Canada’s National Energy Board (NEB) has been inundated by 1,800 applications from those interested in participating in hearings on the proposed Energy East oil pipeline that would carry over MMbpd from Western Canada to export terminals on the country’s Atlantic coast.
The applicants, ranging from individuals to provincial governments, want to highlight the environmental risks of TransCanada Corp.’s $12 billion, 2,850-mile pipeline – a combination of existing pipelines and new construction – from Alberta through Quebec to the Irving Canaport terminal at the entrance to St. John Harbor in coastal New Brunswick.
Among the applicants is the Government of New Brunswick (GNB), which said it wants “the ability to have input regarding the terms and conditions to be included in any recommendation or approval the National Energy Board may issue for the project” because it must administer and enforce environmental laws and regulations associated with the pipeline.
The applications seem to be copies of a single letter that was distributed online by two environmental groups, 350.org and Greenpeace. The document included detailed instructions for individuals and organizations to apply for participation in the hearings. The applications cite concern for Canada’s environment, and each includes this sentence: “Energy East would facilitate 32 million tons of carbon dioxide emissions being produced each year, the same as adding over 7 million cars to Canada’s roads, and greater than the climate footprint of an Atlantic province.”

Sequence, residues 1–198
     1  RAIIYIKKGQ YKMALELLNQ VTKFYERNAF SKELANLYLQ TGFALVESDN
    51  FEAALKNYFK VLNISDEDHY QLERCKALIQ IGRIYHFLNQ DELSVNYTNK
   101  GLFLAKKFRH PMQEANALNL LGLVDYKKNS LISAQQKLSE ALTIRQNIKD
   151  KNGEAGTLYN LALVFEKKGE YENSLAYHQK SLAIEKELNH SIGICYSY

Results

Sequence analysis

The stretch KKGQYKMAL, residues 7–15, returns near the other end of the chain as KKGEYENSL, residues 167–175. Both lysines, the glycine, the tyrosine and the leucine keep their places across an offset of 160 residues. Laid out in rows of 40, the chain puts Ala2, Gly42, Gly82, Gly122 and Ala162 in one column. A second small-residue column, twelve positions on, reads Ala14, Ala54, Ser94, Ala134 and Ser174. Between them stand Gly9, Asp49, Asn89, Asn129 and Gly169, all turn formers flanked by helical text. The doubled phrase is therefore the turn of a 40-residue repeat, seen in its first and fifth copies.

Katherine Murphy, a spokeswoman for the NEB, told the Financial Post that the board isn’t authorized to “look at climate change at large,” but added that the concerns mentioned in the applications were appropriate to the hearings. “[W]e would be looking at the greenhouse gas emissions as a result of the construction process,” she said.
Murphy said the board was evaluating the applications to decide which ones would be allowed to participate in the hearings. The NEB website said that in order to participate in the hearing, an individual, organization or government “must be directly affected or have relevant information or expertise.” She said the NEB is studying TransCanada’s application to determine if it’s “sufficiently complete.”
If so, she said, the board “will issue a hearing order along with the list of participants. If this is the case, we would anticipate these documents to be released mid-year 2015.” Murphy said that would lead to setting a date for the hearings to begin. If approved, construction of the pipeline could begin in 2016 and be ready to transport crude in 2018. It’s also expected to create over 2,000 jobs during construction.
But the project is strongly opposed by environmental groups, which say it would endanger drinking water, wildlife habitat, tourism and the cultures and treaty rights of First Nation peoples which have applied to participate in the hearings to express concern about possible pipeline spills in their areas.
“Putting all kinds of new stresses on decades-old pipe designed for transporting natural gas is very threatening to our waterways,” Eagle Lake Chief Madeleine Paul said in a statement.